It is possible to eradicate bovine TB from cattle herds in Britain and Ireland, but to do so, “someone will have to throw big money at it,” Devon vet Dr Dick Sibley told a meeting of the Pedigree Cattle Trust (PCT) in Armagh last Thursday night.

It is the third time in recent years that Sibley has come to NI to speak to the PCT and during his latest trip he also put his views to Agriculture Minister Andrew Muir in a meeting facilitated by the Ulster Society for the Prevention of Cruelty to Animals (USPCA).

The message Sibley brings is challenging for all those involved in developing a TB eradication plan for NI. It is also attractive for those against a badger cull in NI as he believes the targeted removal of badgers in TB hotspot areas will ultimately have a limited impact.

His main argument is that the current TB skin test, which compares the reaction of the animal to two types of tuberculin (avian and bovine), leaves behind too many infected cows.

Some of these infected animals have a latent infection and don’t succumb to the disease. Others become infectious when exposed to a different disease challenge (such as BVD), a change in diet or hormonal changes post-calving. Finding these animals requires repeated testing using a variety of tests, suggested Sibley.

“Using the current skin test as we do, we have no hope of eradicating TB. No one has done it with the level of infection we have got. It is a screening test for infected herds, not a test for finding individual animals,” he said.

One option is to drop the avian injection site, meaning we just rely on what is currently the bottom lump. While it is a “very sensitive way of testing”, the problem is it would result in a significant number of “false positives”, so would come at a high cost for taxpayers and farmers, acknowledged Sibley.

The same applies for various alternative tests, such as the interferon gamma blood test, which will identify cows with TB that the skin test will miss, but costs around £30 per sample in lab fees.

Sibley has also been involved in trials of alternative tests that check for TB in dung, saliva or blood on Gatcombe Farm, a large dairy business in South Devon milking 340 cows through robots in a contained system.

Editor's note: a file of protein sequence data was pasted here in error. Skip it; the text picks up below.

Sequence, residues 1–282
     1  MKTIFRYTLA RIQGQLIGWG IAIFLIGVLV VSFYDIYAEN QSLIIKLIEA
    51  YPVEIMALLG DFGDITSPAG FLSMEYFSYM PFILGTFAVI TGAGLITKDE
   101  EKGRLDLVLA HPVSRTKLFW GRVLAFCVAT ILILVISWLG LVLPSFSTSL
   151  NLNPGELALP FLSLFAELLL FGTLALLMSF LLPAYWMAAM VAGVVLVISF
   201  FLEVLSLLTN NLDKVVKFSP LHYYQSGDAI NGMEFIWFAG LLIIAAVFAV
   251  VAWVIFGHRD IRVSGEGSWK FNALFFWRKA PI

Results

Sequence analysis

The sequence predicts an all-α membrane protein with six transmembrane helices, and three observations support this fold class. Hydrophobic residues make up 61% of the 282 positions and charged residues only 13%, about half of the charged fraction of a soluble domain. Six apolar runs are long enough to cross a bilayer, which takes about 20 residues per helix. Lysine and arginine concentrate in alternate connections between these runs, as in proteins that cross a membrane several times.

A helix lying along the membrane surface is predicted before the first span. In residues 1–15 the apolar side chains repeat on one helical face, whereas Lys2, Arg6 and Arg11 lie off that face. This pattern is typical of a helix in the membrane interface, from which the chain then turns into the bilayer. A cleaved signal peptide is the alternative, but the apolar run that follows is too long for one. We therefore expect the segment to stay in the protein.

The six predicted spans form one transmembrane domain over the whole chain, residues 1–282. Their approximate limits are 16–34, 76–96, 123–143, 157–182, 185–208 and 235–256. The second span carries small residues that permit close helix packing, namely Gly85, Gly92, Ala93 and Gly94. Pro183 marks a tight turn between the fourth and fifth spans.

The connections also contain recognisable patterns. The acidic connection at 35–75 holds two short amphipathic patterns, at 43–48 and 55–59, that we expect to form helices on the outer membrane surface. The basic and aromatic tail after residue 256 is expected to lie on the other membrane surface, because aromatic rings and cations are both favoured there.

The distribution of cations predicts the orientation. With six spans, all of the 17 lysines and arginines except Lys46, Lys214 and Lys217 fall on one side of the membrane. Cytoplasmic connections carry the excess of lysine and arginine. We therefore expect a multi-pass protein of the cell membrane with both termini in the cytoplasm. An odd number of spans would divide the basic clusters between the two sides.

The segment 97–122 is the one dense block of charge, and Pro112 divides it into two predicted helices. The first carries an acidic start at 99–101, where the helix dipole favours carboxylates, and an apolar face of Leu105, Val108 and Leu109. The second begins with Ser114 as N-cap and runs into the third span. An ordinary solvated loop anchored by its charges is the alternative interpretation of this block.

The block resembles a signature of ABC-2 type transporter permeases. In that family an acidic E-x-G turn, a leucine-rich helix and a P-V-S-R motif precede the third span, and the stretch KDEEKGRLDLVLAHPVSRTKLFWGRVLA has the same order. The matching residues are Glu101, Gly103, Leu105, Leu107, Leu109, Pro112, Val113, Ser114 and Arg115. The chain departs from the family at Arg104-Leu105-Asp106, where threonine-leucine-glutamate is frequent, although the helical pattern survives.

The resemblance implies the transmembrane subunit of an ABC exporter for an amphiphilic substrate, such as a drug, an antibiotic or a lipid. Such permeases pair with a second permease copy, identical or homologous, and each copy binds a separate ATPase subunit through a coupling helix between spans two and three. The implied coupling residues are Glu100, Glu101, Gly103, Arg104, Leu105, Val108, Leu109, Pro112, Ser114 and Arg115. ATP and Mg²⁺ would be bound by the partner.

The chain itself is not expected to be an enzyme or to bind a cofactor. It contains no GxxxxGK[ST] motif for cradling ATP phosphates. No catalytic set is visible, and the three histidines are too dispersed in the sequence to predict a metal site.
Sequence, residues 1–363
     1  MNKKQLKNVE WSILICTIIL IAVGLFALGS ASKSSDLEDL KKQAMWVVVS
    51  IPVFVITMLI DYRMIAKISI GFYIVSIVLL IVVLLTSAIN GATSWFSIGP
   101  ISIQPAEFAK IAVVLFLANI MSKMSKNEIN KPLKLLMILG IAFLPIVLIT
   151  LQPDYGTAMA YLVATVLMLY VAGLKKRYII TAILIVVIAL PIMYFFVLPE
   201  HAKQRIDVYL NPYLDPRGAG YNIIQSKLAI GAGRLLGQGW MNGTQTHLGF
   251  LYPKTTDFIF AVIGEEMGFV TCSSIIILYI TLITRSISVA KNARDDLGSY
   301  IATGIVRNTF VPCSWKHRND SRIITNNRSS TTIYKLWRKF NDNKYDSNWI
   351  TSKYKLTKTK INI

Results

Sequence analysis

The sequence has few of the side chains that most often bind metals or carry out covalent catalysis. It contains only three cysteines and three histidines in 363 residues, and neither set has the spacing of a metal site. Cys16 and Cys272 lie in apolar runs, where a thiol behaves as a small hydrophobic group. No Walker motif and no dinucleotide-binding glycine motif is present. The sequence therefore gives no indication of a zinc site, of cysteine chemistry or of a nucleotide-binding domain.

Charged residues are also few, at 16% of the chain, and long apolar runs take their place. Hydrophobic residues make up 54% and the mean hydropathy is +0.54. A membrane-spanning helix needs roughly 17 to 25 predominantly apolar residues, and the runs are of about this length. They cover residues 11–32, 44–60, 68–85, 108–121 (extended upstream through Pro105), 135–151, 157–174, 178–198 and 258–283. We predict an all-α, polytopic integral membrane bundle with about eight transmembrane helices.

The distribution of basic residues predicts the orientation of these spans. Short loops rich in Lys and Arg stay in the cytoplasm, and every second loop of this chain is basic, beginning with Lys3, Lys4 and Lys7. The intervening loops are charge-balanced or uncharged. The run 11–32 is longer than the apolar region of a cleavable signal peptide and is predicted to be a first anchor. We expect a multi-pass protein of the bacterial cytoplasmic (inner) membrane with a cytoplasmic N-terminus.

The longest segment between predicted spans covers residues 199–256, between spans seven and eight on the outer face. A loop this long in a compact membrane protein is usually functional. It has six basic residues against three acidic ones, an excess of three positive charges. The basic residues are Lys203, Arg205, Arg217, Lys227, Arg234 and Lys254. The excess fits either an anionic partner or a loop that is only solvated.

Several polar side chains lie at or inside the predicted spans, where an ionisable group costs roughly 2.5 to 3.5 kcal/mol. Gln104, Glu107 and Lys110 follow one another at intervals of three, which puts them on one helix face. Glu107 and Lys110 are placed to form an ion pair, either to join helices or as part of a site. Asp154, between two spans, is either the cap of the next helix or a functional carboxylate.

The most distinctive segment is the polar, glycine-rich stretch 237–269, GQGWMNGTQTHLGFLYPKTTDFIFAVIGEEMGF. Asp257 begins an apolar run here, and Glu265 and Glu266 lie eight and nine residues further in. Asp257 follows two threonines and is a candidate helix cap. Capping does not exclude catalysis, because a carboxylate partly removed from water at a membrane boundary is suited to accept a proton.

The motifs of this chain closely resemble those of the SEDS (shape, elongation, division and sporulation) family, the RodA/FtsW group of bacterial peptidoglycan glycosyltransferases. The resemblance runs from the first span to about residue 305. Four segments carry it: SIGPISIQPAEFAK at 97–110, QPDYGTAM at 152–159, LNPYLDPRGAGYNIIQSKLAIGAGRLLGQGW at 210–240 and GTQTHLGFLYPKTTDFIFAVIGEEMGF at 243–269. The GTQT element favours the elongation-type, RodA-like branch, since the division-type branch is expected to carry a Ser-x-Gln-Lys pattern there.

History of TB

The farm has a long history of endemic TB, with 93 cows removed as TB reactors in sporadic outbreaks since 2012.

As part of the work at Gatcombe Farm, a total of 192 cows since 2015 have been identified as “high risk” given they had a bottom lump at a skin test. These animals have been repeatedly checked using these alternative tests. In total, 81% were shown to be infected with TB, although not all might actually be infectious, said Sibley.

He outlined how the farm has managed these high-risk cows separately, with no milk from these animals fed to calves and a recent decision to stop breeding replacements from the cows.

In 2019, the Gatcombe herd was declared TB-free and at that stage the use of the alternative TB tests was stopped. A TB breakdown occurred two years later.

Sibley questions Defra TB claims

Earlier in 2024, a paper was published in a scientific journal which highlighted that by the end of the fourth year of badger culling in parts of England, the Official TB Free status Withdrawn (OTFW) incidence was down by an average of 56%.

Dick Sibley believes the data is being manipulated to justify the badger cull in England.

He points out that OTFW is allocated to a herd when lesions are found in reactors at slaughter or when TB is cultured from a tissue sample. If there are no lesions nor a positive culture identified, a breakdown herd is instead classed as Official TB Free status Suspended (OTFS).

In his home area in the southwest of England (Devon, Cornwall and Dorset), the number of OTFW herds have been trending downwards, but OTFS herd numbers have generally been going in the opposite direction.

“These [OTFS] herds have got TB – you just have to look harder,” said Sibley. He suggested that part of the reason for TB reactors not having visible lesions at slaughter is because they are being picked up earlier by increased use of the interferon gamma blood test. “We are getting selective data here. If cattle have lesions, they are just a more advanced case,” said Sibley.

He believes that his questioning of the data is one of the reasons why his tenure on a Defra bovine TB partnership group was not renewed at the end of February 2024.

Bigger issues to confront than badgers

Earlier in his career, Devon vet Dick Sibley argued for the need to cull badgers to help control TB, but he now believes it is a pointless activity, with much bigger issues to be confronted, particularly around TB tests on farms.

“I have no special affinity to badgers. Our experience for over five years is that killing them is very hard work and expensive. Some farms have put in over £10,000 and they are niggled they still have TB,” he said.

He suggested there is still a lot more to be understood around how the disease is transmitted between cattle and that it is not just a respiratory spread, with faecal contamination of water or food also important. Given an adult dairy cow will produce 45kg of faeces daily compared to a badger at 100g, you have to kill a lot of badgers to equate to one infectious cow, argued Sibley.